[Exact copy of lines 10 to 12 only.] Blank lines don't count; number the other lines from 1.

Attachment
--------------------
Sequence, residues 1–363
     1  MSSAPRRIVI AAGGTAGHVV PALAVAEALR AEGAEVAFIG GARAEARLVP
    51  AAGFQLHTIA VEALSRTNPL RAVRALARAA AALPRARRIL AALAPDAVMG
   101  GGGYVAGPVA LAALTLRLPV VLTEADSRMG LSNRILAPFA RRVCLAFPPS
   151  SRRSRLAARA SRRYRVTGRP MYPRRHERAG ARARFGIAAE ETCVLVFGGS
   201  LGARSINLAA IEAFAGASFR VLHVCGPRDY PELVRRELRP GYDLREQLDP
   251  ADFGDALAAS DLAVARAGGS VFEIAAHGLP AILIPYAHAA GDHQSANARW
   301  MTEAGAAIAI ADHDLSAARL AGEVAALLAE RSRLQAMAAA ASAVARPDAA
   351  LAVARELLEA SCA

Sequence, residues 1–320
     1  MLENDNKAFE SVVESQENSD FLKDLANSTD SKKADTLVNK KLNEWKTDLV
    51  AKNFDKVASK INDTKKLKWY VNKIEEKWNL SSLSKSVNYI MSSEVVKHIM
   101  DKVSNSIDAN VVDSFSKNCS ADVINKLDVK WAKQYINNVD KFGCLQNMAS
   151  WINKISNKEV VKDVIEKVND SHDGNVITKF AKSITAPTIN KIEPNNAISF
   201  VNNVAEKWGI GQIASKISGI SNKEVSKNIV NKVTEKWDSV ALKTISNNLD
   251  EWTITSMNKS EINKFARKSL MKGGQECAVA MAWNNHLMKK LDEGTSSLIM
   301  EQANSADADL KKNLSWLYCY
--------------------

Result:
Sequence, residues 1–320
     1  MLENDNKAFE SVVESQENSD FLKDLANSTD SKKADTLVNK KLNEWKTDLV
    51  AKNFDKVASK INDTKKLKWY VNKIEEKWNL SSLSKSVNYI MSSEVVKHIM